# Could life survive on a planet orbiting a neutron star? [closed]

Suppose an Earth-like planet orbits a neutron star, though specifically not a pulsar. Is there any possible orbit, around any possible neutron star, in which the planet could support human life?

## closed as too broad by Rob Jeffries, Mick, J. Chomel, Carl Witthoft, Sir CumferenceDec 14 '17 at 21:09

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• Thoughts: close enough to the star to get heat, but far enough not to be ripped apart by tidal forces... hmmm, tricky. – barrycarter Dec 13 '17 at 3:41
• This seems to be a Worldbuilding question. I can find no main-stream astronomy site that addresses it. – Mick Dec 13 '17 at 3:55
• Below an icy surface ocean life - sure. Earth like life on the surface? That's much harder. Maybe a very young very hot Neutron star, but much of the light would be UV which isn't ideal. Maybe someone can crunch the numbers, but I think it's unlikely. – userLTK Dec 13 '17 at 4:20
• Well you already supposed it's Earth-like, which specifically supports human life, so what's there to answer? And the orbit is far less of a problem then the massive explosion that the massive star the planet is around underwent after a timespan so short that it would be difficult for any planets to form in the first place before the material was blasted away. – zibadawa timmy Dec 13 '17 at 7:20
• Survive? Survive without local protection? auto-generate locally as opposed to a recon team visiting? – Carl Witthoft Dec 13 '17 at 16:08

It is possible that there could be planets where terrestrial-type life could survive orbiting a neutron star, but they are likely extremely rare and transient.

The habitable zone where liquid water can persist around a star has a range $\approx 0.7\sqrt{L_*}$ to $1.4\sqrt{L_*}$ AU, where $L_*$ is the luminosity of the star measured in solar luminosities. The exact limits are debatable and depends somewhat on the planet's properties, but this is close enough for this answer. A typical neutron star has a low luminosity, so the habitable zone will be very close and narrow.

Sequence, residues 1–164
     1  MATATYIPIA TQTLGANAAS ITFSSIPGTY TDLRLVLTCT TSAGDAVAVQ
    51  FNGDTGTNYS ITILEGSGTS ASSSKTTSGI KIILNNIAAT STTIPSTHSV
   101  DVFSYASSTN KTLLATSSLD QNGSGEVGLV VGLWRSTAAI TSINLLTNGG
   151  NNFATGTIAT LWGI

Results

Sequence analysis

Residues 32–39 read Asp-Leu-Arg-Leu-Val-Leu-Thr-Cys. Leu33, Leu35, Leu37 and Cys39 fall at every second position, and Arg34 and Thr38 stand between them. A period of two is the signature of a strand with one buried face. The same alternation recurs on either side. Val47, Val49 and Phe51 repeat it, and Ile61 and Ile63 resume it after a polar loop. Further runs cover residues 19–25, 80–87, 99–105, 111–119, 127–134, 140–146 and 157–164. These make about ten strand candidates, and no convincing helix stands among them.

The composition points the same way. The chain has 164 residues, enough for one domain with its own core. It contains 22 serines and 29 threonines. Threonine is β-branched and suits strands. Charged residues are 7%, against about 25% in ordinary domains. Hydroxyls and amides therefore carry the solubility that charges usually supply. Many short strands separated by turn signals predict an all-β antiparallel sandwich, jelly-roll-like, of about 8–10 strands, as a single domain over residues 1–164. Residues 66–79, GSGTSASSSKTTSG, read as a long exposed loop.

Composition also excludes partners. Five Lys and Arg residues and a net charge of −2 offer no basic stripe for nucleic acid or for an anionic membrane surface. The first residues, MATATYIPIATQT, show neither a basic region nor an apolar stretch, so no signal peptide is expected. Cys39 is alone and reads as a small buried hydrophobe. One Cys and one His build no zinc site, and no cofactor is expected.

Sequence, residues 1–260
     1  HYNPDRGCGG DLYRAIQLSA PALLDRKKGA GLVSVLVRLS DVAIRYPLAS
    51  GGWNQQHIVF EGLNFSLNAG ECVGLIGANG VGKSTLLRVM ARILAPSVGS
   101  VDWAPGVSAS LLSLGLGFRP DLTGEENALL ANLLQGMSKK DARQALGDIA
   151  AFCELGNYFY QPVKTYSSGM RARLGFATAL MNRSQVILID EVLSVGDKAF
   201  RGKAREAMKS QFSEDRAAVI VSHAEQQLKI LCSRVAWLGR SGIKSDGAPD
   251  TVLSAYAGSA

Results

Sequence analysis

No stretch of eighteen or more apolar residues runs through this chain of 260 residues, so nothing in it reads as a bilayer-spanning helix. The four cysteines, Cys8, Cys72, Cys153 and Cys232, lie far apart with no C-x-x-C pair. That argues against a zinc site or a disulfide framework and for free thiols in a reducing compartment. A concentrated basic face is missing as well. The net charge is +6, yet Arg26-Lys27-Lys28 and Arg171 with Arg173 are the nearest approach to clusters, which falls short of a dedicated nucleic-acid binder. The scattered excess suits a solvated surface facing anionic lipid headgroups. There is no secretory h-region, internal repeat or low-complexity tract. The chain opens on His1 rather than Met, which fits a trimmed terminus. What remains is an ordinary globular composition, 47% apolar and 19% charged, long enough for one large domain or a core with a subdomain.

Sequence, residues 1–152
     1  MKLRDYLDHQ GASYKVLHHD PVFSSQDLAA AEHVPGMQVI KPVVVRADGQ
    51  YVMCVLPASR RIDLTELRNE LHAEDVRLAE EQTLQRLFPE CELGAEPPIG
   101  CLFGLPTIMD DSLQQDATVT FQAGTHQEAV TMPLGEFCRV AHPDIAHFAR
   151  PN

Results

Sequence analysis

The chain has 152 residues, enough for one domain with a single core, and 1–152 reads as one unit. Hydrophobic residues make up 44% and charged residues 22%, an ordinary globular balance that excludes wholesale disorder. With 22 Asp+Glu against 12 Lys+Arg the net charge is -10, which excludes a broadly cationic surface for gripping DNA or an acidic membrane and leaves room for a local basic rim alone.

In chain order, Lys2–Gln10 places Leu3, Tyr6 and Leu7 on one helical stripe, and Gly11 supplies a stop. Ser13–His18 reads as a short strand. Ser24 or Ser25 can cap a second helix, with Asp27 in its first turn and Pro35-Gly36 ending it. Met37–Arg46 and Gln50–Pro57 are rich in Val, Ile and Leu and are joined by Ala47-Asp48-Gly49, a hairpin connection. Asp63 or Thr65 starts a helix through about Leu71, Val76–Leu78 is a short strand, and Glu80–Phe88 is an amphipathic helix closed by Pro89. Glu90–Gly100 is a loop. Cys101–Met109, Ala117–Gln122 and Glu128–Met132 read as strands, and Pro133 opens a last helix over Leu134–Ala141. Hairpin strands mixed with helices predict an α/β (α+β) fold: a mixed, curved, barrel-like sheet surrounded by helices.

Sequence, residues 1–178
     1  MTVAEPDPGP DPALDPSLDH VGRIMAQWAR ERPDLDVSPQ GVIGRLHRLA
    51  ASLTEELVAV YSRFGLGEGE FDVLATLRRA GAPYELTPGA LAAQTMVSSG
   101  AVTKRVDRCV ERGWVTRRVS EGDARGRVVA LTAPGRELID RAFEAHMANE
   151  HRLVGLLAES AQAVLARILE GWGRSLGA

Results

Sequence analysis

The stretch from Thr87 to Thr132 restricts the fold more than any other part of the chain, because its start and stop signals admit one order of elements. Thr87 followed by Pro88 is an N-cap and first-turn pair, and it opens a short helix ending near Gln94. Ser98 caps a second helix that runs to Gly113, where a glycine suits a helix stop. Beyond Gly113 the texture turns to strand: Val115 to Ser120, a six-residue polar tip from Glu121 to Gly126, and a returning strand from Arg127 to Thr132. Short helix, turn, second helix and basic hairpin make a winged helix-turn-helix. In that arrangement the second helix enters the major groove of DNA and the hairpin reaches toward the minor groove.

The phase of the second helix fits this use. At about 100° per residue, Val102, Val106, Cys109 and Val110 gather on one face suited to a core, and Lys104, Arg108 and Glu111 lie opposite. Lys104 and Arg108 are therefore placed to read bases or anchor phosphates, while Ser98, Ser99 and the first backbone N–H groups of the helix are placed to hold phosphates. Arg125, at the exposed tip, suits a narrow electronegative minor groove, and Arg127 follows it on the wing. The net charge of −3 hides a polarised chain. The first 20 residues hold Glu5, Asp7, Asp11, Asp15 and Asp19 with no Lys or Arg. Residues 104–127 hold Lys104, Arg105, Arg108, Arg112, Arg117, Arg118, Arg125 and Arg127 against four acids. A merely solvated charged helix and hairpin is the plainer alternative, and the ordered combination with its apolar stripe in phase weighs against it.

Neutron stars cool down very rapidly at first. A young, million-Kelvin neutron star has luminosity around 0.18 solar luminosities, but a 10 million year old neutron star is down to 0.000026, and after a billion years it will be down to a millionth of the sun. This rapid cooling means that the life zone moves inwards from around 0.3-0.6 AU for the young star to 0.003-0.007 for the 10 million year star to 0.0007-0.0014 AU for the old star.

This means that a planet orbiting inside the zone at some time will become too cold before too long unless it is very close to the star since the zone drift slows down over time. It is hence unlikely that life would naturally be able to emerge on a planet like this, since planets that are in the habitable zone early only get a few million years before they freeze. The close planets that get a long period with decent temperature also have a period of extremely hot temperature before that, when most likely all volatiles are boiled away.

(Given that such a system has experienced a supernova in its past, volatiles will have been reduced even further).

That said, I don't see a fundamental reason a close planet might not be terraformed with volatiles added from elsewhere. If we consider a planet orbiting a $L_*=10^{-6}L_\odot$ neutron star $10^{-3}$ AU away (that is, 149,597 km from the star) it could maintain water. It would have a period of 16 minutes. There would be some relativistic corrections to the orbit, but they are minor (we are $10^5$ Schwarzschild-radii away). It would be tidally locked (since tidal locking happens on a timescale $\propto a^{6}$), but currently there are a fair number of atmosphere models suggesting such worlds could remain stable/ Living on the shady side would also prevent the damaging UV and X-rays, which would likely strip away the atmosphere over time. The main problem is that there would not be any geodynamic dynamo to power a protective magnetic field; this is a planet that really needs it.

It is worth noting that there is a very different system around a neutron star that in principle (but likely not in practice) may be habitable, and that would be far away from an accretion disk. A quiescent accretion disk may have a luminosity about 1/3 of the sun, but when going active this increases by a factor of 1,000-10,000. So here one could imagine a planet orbiting at distance, getting powered by the accretion disk light. This will likely be too unstable to actually work over long periods and have the same hard radiation problem as the close one, but on paper (or in a suitable work of fiction) it is not impossible.